At the rate the Indian captain is advancing down the warpath in ODIs, he may well eventually surpass Sachin Tendulkar’s records. Yet, stats show he’s not quite in his own league among contemporaries, as the Little Master was.
In what must have been news to cricket followers all around the world, Virat Kohli didn’t get an ODI hundred in the five-match series against Australia. He scored only 180 runs in five innings with a highest score of 92, sixth in the previous ODI series run aggregates. Gasp! He couldn’t convert his previous ninety to a hundred. The nerves must be getting to him. What a failure. Lest the army the fans of Kohli go up in arms against my insensitive remarks, retweeting and abusing me in droves, let me clarify that I was only being sarcastic.
Now, no later than the first ODI having taken place in the series against New Zealand, he’s got his hundred, ending his “slump”; in his 200th match too, to bring up a pretty statistic. This puts him alone at 31 ODI centuries, one clear of Ricky Ponting, and with only Sachin Tendulkar ahead of him. Though the result of the match didn’t go his way even after Kohli’s contribution, scoring his 31st ton in his 200th match is remarkable*. It is no surprise that VVS Laxman compared Kohli’s appetite and place in the modern game to the diminutive legend from Bombay.
The position of Virat Kohli as an all-time legend in the ODI format of cricket can be taken for granted even if he were to retire today. When he approaches the end of his career, he will probably be spoken of in the same breath as Vivian Richards, Sachin Tendulkar, MS Dhoni and AB de Villiers. A batting average of nearly 56 runs per dismissal despite the fact that he bats most frequently at no. 3; one of the fastest to the various multiples of 1,000 runs milestones and centuries landmarks; a shiny World cup winner’s medal in his cabinet with a stabilising innings that resurrected the chase; a record number of centuries in a run-chase, and the list only goes on. It is hard to believe the sheer number of records that he boasts before he has even turned 29.
It is also scarcely believable that he’s just about entering the prime of his career. As a yardstick, the immensely talented, Tendulkar continued to play for India into his 40th year, albeit a bit frayed at the edges by then. Given Virat Kohli’s focus on athletic fitness and his lithe frame, how long he can play at the highest level if he can maintain his batting form is anybody’s guess.
For a different generation, Sachin Tendulkar was that benchmark of ODI excellence. In the late 1998, the then Indian skipper Mohammed Azharuddin (remember him?) became the highest run-scorer in ODIs. Before him, it was West Indian Desmond Haynes who had set the ODI record for most runs in a career at 8,648 runs in 1994. Haynes also had the record for the most ODI centuries in a career (18). In his record-breaking year of 1998, a 25-year-old Sachin Tendulkar swiftly moved from 12 ODI centuries to 21, obliterating the latter record. With his then run tally at ~7,500 runs, it was just a matter of time before Tendulkar would scale the Mount Everest of ODI cricket.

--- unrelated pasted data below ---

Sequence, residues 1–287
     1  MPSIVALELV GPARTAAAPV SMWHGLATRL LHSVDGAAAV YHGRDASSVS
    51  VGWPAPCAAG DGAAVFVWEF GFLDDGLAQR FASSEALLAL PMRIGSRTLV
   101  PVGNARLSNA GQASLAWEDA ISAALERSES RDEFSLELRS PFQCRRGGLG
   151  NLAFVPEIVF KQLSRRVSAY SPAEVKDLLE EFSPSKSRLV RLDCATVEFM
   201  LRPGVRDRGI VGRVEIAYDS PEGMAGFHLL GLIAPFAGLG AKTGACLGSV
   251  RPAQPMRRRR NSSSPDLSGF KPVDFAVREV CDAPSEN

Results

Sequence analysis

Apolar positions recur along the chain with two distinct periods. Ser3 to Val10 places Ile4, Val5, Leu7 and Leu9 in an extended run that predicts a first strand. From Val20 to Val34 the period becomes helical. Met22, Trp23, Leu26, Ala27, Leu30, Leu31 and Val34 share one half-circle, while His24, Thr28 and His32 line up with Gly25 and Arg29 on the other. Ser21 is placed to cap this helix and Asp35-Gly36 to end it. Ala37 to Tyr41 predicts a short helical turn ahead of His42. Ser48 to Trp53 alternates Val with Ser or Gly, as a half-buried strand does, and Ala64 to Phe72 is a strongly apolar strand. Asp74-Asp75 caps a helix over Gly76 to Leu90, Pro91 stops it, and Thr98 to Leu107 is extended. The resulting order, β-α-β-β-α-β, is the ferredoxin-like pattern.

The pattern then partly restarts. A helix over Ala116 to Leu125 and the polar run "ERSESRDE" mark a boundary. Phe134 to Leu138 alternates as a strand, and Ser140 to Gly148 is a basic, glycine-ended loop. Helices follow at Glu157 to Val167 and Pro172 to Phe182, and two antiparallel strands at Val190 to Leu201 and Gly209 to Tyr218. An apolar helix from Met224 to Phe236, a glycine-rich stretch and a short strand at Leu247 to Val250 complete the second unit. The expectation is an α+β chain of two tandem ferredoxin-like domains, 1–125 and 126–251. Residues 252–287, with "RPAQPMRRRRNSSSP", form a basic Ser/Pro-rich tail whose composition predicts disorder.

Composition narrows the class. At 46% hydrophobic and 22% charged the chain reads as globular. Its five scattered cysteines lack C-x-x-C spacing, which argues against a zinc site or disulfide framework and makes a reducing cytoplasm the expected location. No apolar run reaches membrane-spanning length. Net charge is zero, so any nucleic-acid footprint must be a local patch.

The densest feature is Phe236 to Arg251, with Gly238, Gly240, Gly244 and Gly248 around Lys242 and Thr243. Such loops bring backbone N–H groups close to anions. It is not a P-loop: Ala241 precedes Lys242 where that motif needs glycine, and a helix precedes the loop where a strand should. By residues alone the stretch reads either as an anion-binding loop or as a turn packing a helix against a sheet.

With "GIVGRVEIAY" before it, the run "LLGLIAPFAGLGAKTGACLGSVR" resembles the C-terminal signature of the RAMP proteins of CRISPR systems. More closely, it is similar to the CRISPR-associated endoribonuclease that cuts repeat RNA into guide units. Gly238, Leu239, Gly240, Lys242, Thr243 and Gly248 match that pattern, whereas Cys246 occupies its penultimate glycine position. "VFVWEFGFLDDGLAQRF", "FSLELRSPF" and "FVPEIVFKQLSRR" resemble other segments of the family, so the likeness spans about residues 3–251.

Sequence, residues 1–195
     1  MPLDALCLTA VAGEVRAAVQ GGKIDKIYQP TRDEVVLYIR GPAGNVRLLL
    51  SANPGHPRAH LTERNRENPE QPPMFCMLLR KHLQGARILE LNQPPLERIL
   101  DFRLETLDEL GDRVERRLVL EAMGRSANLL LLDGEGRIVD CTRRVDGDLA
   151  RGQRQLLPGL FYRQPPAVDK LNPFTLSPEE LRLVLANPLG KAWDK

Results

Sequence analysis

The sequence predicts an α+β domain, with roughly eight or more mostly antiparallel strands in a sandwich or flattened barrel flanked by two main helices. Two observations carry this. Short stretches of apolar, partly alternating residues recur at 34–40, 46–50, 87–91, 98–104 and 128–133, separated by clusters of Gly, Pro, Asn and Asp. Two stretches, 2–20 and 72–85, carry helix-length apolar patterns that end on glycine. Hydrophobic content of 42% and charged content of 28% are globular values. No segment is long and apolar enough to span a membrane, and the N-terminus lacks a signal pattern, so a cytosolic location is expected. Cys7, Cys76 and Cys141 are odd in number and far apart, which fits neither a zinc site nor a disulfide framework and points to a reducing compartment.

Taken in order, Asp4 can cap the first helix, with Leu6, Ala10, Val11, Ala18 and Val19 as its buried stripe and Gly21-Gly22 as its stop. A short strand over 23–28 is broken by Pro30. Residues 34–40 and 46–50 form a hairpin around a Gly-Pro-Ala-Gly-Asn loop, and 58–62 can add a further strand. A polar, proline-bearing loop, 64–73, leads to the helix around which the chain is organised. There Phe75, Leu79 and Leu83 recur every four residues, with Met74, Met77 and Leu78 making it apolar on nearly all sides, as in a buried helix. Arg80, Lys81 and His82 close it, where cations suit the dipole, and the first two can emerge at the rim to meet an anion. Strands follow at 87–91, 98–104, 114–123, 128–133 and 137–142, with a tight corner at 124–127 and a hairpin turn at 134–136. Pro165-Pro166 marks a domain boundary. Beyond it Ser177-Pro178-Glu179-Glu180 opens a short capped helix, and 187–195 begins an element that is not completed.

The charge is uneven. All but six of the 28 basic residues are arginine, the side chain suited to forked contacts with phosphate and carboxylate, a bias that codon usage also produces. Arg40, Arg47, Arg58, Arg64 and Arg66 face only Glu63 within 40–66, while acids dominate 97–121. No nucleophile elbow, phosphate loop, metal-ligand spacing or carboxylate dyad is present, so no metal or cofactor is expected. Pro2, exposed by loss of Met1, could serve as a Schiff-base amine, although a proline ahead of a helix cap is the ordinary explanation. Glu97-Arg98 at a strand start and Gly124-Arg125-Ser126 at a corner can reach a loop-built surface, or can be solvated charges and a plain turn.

Of course, Kohli could entirely lose form and fade away, but given his progress so far, he’s at a point in his career where he can entertain thoughts about his end-career ambitions.
Tendulkar was only done 14 years later in 2012, and finished with nearly every batting record worth having in ODI cricket. The most runs at 18,426; the most number of centuries (49) and half-centuries (96); the first man to scale the 200-run barrier in a single ODI innings (cricket’s own version of Roger Bannister’s four-minute mile), and so on — you get the idea. How close is Virat Kohli to beating Tendulkar’s records? Is it possible at all? There needs to be a detailed appraisal of their records before any conclusion can be drawn in this matter.
Virat Kohli made his first ODI hundred in his 13th ODI innings. Coming in to bat at no. 4 at the fall of Tendulkar’s wicket in a steep chase of 316 runs against the Sri Lankans at Kolkata, Virat Kohli made a composed 107. Ably supporting Gautam Gambhir who headlined the chase with a 150, the two batsmen hunted the target down with minimum fuss. Right from his early days, Kohli had displayed a keen sense to chase down a target in a team which already had capable chasers. In contrast, Tendulkar’s first ODI hundred came in his 76th innings, against the Australians in 1994, in Colombo. It is worth remembering that Tendulkar had batted in the middle order till then in ODI cricket; an inspired promotion in New Zealand changed Tendulkar’s ODI fortunes. In fact, Tendulkar’s ODI hundred–gathering prowess is not dissimilar to Kohli’s insatiable appetite today — from his 1st to 31st hundred, the master took 196 innings, whereas the protégé has taken a mere 180 innings in these run-inflated times. It could be argued that Tendulkar’s run appetite was more gluttonous than Kohli.